It wasn't us! EU chief Barroso blames US for financial crisis
EU commission president gets irritable at G20 summit after Canadian hack suggests North Americans shouldn't help solve euro debt crisis
JOSE MANUEL BARROSO has lent the G20 summit in Mexico a playground air, apparently losing his cool and resorting to finger-pointing when a reporter asked him why North Americans should help out the struggling eurozone countries.
As The Guardian reports, the EU commission president told the Canadian journalist: "Frankly, we are not here to receive lessons in terms of democracy or in terms of how to handle the economy."
He added: "This crisis was not originated in Europe… seeing as you mention North America, this crisis originated in North America and much of our financial sector was contaminated by - how can I put it - unorthodox practices, from some sectors of the financial market."
By his side, EU council president Herman Van Rompuy echoed the sentiment, saying: "We are not the only ones that are so-called responsible for the current economic problems all over the world."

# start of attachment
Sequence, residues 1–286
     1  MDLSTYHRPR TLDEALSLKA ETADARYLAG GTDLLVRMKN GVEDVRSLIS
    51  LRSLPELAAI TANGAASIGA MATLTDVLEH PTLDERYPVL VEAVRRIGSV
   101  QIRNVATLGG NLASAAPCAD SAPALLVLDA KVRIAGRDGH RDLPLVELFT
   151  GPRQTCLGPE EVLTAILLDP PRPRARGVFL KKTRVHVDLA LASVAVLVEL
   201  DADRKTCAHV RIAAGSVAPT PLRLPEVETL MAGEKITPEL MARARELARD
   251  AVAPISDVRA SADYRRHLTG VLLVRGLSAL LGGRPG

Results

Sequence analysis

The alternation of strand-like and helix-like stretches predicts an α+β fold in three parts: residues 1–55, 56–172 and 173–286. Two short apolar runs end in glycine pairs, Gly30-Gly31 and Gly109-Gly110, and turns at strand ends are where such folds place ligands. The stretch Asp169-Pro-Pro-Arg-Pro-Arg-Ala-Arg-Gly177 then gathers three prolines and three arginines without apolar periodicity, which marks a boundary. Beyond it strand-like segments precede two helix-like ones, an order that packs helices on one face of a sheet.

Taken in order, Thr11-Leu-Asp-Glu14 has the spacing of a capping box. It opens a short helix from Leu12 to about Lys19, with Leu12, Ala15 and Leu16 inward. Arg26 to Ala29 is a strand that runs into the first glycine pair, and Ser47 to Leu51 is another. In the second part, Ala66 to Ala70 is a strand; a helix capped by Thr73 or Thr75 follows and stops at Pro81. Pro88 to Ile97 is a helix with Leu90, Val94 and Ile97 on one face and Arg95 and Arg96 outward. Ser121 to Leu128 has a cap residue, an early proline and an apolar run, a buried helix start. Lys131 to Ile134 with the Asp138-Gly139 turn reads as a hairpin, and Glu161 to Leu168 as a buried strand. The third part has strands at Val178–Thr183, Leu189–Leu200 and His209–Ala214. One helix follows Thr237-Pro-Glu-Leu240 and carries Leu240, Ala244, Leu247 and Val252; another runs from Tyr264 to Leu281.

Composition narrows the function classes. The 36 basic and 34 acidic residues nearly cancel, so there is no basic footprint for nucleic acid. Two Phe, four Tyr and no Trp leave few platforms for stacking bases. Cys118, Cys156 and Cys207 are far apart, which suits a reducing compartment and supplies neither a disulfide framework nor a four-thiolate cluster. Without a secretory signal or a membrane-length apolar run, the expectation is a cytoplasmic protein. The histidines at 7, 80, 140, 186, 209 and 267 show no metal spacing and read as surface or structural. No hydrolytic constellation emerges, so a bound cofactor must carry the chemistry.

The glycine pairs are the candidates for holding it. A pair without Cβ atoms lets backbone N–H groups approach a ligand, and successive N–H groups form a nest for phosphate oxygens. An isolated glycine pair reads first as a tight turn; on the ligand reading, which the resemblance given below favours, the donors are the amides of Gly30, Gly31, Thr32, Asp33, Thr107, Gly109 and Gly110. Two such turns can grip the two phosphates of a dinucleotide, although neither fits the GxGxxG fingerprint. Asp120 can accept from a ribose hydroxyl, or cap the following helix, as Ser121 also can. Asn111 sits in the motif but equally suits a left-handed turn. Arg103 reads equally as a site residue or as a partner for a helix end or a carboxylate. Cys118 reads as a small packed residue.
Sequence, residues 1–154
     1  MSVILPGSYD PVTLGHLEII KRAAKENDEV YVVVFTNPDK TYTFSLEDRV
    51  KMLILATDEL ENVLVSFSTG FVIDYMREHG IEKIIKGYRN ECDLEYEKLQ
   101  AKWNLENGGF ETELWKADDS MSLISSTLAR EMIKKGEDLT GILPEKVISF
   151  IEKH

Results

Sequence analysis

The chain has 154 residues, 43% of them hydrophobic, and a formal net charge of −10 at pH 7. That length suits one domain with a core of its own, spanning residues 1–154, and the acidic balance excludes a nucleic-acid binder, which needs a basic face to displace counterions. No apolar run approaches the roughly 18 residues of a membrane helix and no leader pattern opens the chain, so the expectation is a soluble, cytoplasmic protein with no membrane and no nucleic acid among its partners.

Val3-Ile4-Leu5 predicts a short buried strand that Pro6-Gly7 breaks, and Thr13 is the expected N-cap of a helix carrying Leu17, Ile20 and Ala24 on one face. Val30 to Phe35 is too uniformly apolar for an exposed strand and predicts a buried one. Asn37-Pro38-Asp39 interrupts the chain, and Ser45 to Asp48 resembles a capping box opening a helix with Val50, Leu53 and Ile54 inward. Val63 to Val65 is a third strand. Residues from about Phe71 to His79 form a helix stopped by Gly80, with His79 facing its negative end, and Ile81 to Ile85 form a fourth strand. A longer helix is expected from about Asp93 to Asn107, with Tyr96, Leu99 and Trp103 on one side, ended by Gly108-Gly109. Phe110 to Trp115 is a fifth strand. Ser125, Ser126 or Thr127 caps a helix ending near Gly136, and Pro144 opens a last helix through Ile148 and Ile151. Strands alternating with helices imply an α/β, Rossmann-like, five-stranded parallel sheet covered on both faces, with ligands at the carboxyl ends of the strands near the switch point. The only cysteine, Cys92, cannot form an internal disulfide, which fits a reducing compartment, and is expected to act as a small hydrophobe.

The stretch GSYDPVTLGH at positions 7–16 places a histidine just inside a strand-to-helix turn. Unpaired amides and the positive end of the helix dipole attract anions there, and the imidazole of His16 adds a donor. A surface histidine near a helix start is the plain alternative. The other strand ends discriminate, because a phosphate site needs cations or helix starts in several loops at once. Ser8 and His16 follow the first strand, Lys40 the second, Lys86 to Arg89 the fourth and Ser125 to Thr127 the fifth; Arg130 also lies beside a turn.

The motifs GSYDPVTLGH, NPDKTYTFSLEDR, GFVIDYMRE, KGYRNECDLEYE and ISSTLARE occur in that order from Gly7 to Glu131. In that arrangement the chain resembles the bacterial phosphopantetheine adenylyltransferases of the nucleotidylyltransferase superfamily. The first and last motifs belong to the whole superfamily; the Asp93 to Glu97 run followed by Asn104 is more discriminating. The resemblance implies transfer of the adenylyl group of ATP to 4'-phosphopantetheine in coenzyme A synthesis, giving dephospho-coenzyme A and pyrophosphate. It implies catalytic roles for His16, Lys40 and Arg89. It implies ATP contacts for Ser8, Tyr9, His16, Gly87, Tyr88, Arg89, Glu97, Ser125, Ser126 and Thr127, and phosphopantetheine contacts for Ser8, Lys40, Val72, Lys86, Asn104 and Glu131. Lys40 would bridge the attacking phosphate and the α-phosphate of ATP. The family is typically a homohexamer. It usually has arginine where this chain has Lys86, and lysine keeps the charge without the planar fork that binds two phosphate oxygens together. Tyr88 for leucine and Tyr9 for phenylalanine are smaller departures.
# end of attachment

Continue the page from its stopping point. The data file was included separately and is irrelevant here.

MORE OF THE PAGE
There has so far been little reaction to Barroso's remarks from the US or Canada – though whether this is indicative of sober acceptance of guilt, or just a symptom of global time differences is not yet clear.
The spat reflects a so-far inconclusive and fractious summit, with Barack Obama leaning on Germany to ease its insistence that Greeks stick to harsh austerity guidelines and Chancellor Angela Merkel remaining intransigent.
Strangely, Barroso's remarks went big in Australia, where they were taken as a rebuke to PM Julia Gillard who had emailed the G20 leaders ahead of the summit urging them to learn from Australia's economic model. Barroso's supposed put-down of Gillard generated reams of comment in the national media.
Eventually the PM said she had called Barroso to tell him about the Aussie media storm - and it had been a complete surprise to the EU commission president who had not, Gillard said, been referring to her.
"President Barroso is amused at the suggestion that anything he said anywhere would be reported in the Australian media as about Australia," she said, according to Australia's ABC News. "We were laughing about it earlier today so he's obviously crystal clear about that in his own mind."
A rare example of a world leader downplaying her own global importance for better press at home.